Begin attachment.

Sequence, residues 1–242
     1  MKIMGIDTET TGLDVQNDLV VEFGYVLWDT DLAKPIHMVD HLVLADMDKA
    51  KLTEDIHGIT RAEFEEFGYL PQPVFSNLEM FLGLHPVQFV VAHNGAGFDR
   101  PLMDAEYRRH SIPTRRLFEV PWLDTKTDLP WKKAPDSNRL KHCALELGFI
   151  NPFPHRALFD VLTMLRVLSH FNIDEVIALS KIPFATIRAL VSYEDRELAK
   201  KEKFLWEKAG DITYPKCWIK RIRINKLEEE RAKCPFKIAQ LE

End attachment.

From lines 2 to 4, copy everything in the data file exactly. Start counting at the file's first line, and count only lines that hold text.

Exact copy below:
     1  MKIMGIDTET TGLDVQNDLV VEFGYVLWDT DLAKPIHMVD HLVLADMDKA
    51  KLTEDIHGIT RAEFEEFGYL PQPVFSNLEM FLGLHPVQFV VAHNGAGFDR
   101  PLMDAEYRRH SIPTRRLFEV PWLDTKTDLP WKKAPDSNRL KHCALELGFI